In somewhat more emotional language, Liebknecht wrote in his screed “Either/Or” in April 1916, that “the proud old cry, ‘Proletarians of all countries, unite!’ has been transformed on the battlefields into the command, ‘Proletarians of all countries, cut each other’s throats!’ Never in world history has a political party gone so miserably bankrupt, never has an exalted ideal been so disgracefully betrayed and dragged through the mud!” 

Thus the Spartacus League called for mass action by workers and soldiers in all the belligerent countries to bring an immediate end to the war – in essence a continent-wide strike coordinated by the Third International, accompanied or followed by a peaceful democratic revolution in each country. Liebknecht’s anti-patriotic stance was unmistakable in a pamphlet from 1915: “The main enemy of the German people is in Germany: German imperialism, the German war party, German secret diplomacy. This enemy at home must be fought by the German people in a political struggle, cooperating with the proletariat of other countries whose struggle is against their own imperialists.” 

This non-violent approach put Luxemburg and Liebknecht at odds with bloody-minded revolutionaries like Lenin, still in exile in Switzerland, who hoped that the war would first trigger the collapse of the old regimes in violent national uprisings and class warfare, with peace following only once the bourgeoisie and elite of each nation had been more or less “liquidated.” Lenin was also willing to act unilaterally, beginning with revolution in one country, Russia, even if there were no complementary uprisings abroad.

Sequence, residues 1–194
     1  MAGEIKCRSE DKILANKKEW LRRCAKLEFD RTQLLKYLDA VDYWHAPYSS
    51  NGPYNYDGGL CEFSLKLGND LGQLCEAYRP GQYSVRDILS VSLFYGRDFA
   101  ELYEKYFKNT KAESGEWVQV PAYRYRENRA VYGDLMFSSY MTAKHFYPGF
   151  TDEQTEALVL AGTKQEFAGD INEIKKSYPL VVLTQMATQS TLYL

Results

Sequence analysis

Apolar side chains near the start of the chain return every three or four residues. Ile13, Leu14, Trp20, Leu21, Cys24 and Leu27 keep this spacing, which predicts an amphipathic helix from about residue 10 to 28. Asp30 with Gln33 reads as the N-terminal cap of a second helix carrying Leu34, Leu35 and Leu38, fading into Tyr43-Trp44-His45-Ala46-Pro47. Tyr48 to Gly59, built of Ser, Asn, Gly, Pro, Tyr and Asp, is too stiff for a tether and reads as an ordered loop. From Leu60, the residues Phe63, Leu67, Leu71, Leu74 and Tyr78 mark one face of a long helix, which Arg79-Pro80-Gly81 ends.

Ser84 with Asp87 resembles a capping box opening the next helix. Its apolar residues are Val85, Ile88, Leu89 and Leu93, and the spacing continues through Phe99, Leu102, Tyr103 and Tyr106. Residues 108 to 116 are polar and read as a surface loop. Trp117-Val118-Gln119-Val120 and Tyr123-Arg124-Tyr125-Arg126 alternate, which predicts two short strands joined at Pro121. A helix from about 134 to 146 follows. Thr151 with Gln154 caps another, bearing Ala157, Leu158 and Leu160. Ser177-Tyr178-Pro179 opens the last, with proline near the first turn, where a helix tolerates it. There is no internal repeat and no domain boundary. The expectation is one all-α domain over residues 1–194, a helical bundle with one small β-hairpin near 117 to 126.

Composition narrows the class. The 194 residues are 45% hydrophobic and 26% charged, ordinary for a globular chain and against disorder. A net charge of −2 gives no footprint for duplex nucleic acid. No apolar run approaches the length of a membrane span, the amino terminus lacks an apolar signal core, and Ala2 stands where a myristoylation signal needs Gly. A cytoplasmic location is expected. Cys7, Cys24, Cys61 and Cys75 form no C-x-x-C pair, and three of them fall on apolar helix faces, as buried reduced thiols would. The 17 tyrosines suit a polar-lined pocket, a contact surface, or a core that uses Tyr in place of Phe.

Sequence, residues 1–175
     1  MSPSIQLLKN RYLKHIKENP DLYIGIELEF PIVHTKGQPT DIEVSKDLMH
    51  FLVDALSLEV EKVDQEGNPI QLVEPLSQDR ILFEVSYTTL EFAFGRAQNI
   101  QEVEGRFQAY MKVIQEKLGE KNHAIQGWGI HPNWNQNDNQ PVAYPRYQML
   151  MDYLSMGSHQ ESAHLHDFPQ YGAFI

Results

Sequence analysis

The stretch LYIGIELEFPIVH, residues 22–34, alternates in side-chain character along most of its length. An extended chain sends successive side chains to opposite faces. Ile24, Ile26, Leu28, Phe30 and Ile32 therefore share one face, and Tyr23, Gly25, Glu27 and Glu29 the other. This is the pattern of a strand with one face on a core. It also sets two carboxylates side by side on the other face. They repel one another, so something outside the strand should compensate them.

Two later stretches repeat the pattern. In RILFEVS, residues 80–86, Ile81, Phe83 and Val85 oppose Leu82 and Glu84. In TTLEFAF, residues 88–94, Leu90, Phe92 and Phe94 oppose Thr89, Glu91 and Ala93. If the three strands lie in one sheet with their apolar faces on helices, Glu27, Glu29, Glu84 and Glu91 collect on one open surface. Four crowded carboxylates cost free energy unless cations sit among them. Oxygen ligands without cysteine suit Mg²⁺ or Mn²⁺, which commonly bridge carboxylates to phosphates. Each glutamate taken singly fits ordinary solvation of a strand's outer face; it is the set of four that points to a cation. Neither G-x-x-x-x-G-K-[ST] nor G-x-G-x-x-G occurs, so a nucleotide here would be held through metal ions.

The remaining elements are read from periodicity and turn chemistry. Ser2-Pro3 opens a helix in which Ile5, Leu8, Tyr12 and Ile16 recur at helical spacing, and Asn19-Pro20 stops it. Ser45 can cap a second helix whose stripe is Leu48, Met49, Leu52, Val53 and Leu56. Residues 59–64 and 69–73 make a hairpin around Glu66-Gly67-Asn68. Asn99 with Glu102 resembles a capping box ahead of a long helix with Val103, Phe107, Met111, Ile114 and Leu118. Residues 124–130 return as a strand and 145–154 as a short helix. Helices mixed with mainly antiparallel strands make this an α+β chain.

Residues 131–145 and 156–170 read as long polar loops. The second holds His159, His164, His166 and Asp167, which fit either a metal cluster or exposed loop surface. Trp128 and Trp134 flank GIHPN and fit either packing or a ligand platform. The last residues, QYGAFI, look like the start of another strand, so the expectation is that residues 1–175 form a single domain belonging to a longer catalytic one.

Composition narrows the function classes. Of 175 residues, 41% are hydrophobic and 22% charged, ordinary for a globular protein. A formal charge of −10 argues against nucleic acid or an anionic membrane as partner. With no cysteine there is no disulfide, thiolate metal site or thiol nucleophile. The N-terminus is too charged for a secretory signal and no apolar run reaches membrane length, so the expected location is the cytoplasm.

Strikes In Russia

The situation in Russia was unquestionably growing worse, triggering increasingly harsh measures by the Tsarist regime to suppress dissent. On January 11, 1916, strikes erupted at the Black Sea naval base of Nikolayevsk, followed on January 22 by another strike by 45,000 workers in Petrograd, commemorating the “Bloody Sunday” massacre in the 1905 revolution. Then on January 26, 1916, 55,000 workers across Russia went on strike to protest rising prices and shortages. 

The Tsarist okhrana or secret police acted swiftly to crush the workers’ movements by arresting scores of activists including the entire central committee of the Bolshevik Party, on January 13, 1916. This was a major setback for Lenin’s plans in Russia, but the general situation was undoubtedly becoming more favorable for a revolution, as reflected in letters from the Estonian revolutionary Alexander Kesküla to his contacts in the German government, who were considering increasing their funding to Lenin’s organization. On January 9, 1916 Kesküla wrote urging their support for more organization: 

Today, or in the next few days, some highly interesting revolutionary documents from Russia are  being sent to Lenin… They call for an armed rising  and for the organization of military mutinies… On the ideological side, the present Russian revolutionary movement must be regarded, in its essentials, as being perfectly mature and ready. All that can possibly remain to be done is some further formulation of details. The transformation of the revolutionary movement into an active one is now only a question of agitation and, above all, of organization. 

Individual accounts from Allied observers corroborated Kesküla’s belief that anger was growing among soldiers and peasants as well as industrial workers. Thousands of miles away, in February 1916 the British correspondent Philips Price talked with Russian soldiers on the Caucasian front, including one who declared that landlords were using the war to keep the peasants down: 

“This is good for our lords and masters, because it keeps us from getting strong at home”; and then he treated us to a long story of how in his village on the Volga his brother peasants had only so many dessatines of land; how the landlord’s land lay all around, and how the peasants worked for a few kopecks a day, the produce all going to the landlords; how all power was in the hands of the zemsky nachalnik [government-appointed land overseer] who was under the thumb of the landlords. “Is it not likely that they want us to fight?” he added. “If we stay home, we think about all this too much.” 

See the previous installment or all entries.